Crimson Clover Harvest is starting….and is over!

We didn’t have much crimson clover this year, 42 acres. So this two day harvesting job was going to be a breeze. And the way that you can tell you’re a farmer right now is if you read that and started to giggle, because there is little about harvest of any crop that ever turns out to be a “breeze”. This year our crimson crop was no different.

It started out great. Round 1 around the field was was dull at best. But then came round 2 and some surprise “slugs” that were left behind from the swather. When you cut (or swath) it’s usually at night when there is more moisture. Great to keep the seed on the stem of the crop before you harvest it, but if the cutter gets plugged it causes a huge dense wet area that will rarely dry out on its own.

Grabbing those last few piles at the end. Even after performing them out and three days later the combine was growling!

So as we started in round two of the field the growling and terrible noises coming from inside the harvester were hard to ignore. After a few plugs that caused us all want to itch our skin off (unplugging a clover harvester is dusty and dirty and super itchy), we decided to skip those areas and come back to pitchfork them out to help get the drying process started.

But then the wind started to blow the exact direction we were headed on one side. And for 1500 feet we could see nothing, nada, zilch. The best (worst) part was that it was also the side of the field that had all those surprise slugs. I’ve never paid so much attention to combining in my life! It was unnerving.

This should be a picture of a header feeding the crop into the combine. Instead we were completely blind!

So move to day two and all is looking good. Until I jumped out to check the sieves (cleaning area) at the back of the combine and smelled smoke! A bearing had gotten packed with dust and caused so much friction that it actually ignited. Crimson dust is especially flammable. Then when we had made the corner, the smoldering dust on the back of the harvester had shifted onto the ground and started the stumble on fire.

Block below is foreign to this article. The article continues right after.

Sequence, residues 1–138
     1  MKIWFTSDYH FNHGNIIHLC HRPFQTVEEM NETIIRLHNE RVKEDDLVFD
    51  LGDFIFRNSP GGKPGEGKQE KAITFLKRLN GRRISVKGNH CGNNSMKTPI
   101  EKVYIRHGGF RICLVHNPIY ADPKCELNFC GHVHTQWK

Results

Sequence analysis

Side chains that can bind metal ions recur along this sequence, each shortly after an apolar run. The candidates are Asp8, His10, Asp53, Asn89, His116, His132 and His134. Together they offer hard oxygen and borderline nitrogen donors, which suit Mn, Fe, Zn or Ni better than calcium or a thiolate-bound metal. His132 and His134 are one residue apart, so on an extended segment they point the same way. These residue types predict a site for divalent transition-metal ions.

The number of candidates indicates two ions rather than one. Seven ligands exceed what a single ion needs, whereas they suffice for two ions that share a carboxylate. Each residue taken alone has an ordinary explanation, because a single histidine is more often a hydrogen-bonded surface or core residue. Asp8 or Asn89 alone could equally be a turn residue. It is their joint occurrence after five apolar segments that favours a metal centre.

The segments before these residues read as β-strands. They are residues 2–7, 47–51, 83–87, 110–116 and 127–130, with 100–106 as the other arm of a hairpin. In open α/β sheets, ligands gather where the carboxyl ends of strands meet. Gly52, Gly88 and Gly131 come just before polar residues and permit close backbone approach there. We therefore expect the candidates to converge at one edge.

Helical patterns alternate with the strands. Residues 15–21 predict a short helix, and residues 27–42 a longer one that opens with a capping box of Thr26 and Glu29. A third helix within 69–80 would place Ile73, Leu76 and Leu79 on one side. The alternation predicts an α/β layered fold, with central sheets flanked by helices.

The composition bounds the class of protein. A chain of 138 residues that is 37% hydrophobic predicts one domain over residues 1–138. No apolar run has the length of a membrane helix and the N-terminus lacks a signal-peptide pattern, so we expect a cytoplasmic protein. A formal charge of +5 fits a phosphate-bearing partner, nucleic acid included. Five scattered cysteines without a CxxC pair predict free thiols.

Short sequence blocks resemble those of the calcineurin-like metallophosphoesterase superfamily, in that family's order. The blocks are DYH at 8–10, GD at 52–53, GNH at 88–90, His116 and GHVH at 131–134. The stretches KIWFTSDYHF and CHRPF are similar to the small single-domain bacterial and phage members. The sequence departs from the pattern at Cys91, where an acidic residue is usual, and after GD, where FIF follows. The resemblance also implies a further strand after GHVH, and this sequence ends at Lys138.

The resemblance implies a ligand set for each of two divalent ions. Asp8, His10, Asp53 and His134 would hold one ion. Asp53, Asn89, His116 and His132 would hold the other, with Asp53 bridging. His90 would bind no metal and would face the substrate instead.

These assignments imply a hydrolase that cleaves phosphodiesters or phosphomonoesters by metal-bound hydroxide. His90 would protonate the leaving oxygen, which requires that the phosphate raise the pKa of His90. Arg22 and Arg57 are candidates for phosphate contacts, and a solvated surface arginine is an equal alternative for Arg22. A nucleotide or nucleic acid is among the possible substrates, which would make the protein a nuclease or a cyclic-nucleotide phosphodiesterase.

We caught it early. Had a water tank all ready to go, got the fire out and all was fine. Just a few new bearings later and we were back at it. So while it only added a day or so to our harvest, I think we are all a little glad to be saying goodbye to the extremely dusty, itchy and challenging year of harvesting crimson clover! Next up, grass seed harvest!!

Kicking off July 2022 with Irrigation!

After record breaking rain in the Pacific Northwest this spring, yesterday was the day, we finally turned on our first irrigation pump of the year.

We got everything set up to water our newly planted green beans, turned the linear on, and turned the pump on. Then I turned to Matt, “You know what’s really nice? Watering on our own terms! I mean God, you’ve been great and all, but time for us to make a few water decisions around here for a change!”

Just for a comparison, in a normal year, we are hitting start on our pumps around April 15th and they pretty much don’t turn off for months. As farmers we are always thankful for water that comes free, but we are also thankful for our ability to spoon feed, to time applications, and do what’s best for the crops we have planted.

Summer Workers

School is out for the summer, and while we have camps and a few fun outings planned, most of our summer is full of work on the farm.

This week was a juggle of childcare so I got to take the boys out for a few hours to work with me. We checked a few (very tall) tall fescue fields and headed out to a newly planted orchard to count trees. We planted a number of new baby hazelnut trees this past winter, and most are looking great, but there are a few dead ones that will need to be replanted.

So Hoot, Auggie and I headed out to do some tallying. A skill Auggie was very proud to have learned this year in kindergarten.

This spring and moving now into summer has been a struggle with the weather and rising costs. It’s a very uneasy time to be a farmer with all that has hit us this year that is out of our control. But it’s also just really amazing to get to be outside, teaching your kids all about what you love to do and seeing how much they love it also!

Someday these summer workers will be full time around here….probably (as I’m told often) before I know it!

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